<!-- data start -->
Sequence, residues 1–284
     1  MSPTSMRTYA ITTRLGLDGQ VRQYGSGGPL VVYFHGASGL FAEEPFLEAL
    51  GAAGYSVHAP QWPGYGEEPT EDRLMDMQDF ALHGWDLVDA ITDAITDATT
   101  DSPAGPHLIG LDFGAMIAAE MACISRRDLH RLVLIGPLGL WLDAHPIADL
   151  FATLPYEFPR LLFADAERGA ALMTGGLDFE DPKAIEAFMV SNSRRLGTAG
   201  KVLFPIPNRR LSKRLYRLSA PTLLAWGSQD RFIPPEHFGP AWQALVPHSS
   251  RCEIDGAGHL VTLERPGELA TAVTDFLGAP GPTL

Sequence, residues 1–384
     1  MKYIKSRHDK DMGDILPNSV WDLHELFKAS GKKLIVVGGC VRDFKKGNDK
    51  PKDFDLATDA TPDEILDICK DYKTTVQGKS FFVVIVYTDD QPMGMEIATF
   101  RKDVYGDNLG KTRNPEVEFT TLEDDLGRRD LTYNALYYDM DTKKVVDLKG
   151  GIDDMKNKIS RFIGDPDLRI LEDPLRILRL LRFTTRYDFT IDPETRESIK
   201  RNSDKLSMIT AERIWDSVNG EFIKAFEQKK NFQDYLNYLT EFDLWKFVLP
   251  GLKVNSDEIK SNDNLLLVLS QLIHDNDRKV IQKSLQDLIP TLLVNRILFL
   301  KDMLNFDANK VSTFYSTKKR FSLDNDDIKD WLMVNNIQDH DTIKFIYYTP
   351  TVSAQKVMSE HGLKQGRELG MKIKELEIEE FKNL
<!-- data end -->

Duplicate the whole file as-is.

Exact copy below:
Sequence, residues 1–284
     1  MSPTSMRTYA ITTRLGLDGQ VRQYGSGGPL VVYFHGASGL FAEEPFLEAL
    51  GAAGYSVHAP QWPGYGEEPT EDRLMDMQDF ALHGWDLVDA ITDAITDATT
   101  DSPAGPHLIG LDFGAMIAAE MACISRRDLH RLVLIGPLGL WLDAHPIADL
   151  FATLPYEFPR LLFADAERGA ALMTGGLDFE DPKAIEAFMV SNSRRLGTAG
   201  KVLFPIPNRR LSKRLYRLSA PTLLAWGSQD RFIPPEHFGP AWQALVPHSS
   251  RCEIDGAGHL VTLERPGELA TAVTDFLGAP GPTL

Sequence, residues 1–384
     1  MKYIKSRHDK DMGDILPNSV WDLHELFKAS GKKLIVVGGC VRDFKKGNDK
    51  PKDFDLATDA TPDEILDICK DYKTTVQGKS FFVVIVYTDD QPMGMEIATF
   101  RKDVYGDNLG KTRNPEVEFT TLEDDLGRRD LTYNALYYDM DTKKVVDLKG
   151  GIDDMKNKIS RFIGDPDLRI LEDPLRILRL LRFTTRYDFT IDPETRESIK
   201  RNSDKLSMIT AERIWDSVNG EFIKAFEQKK NFQDYLNYLT EFDLWKFVLP
   251  GLKVNSDEIK SNDNLLLVLS QLIHDNDRKV IQKSLQDLIP TLLVNRILFL
   301  KDMLNFDANK VSTFYSTKKR FSLDNDDIKD WLMVNNIQDH DTIKFIYYTP
   351  TVSAQKVMSE HGLKQGRELG MKIKELEIEE FKNL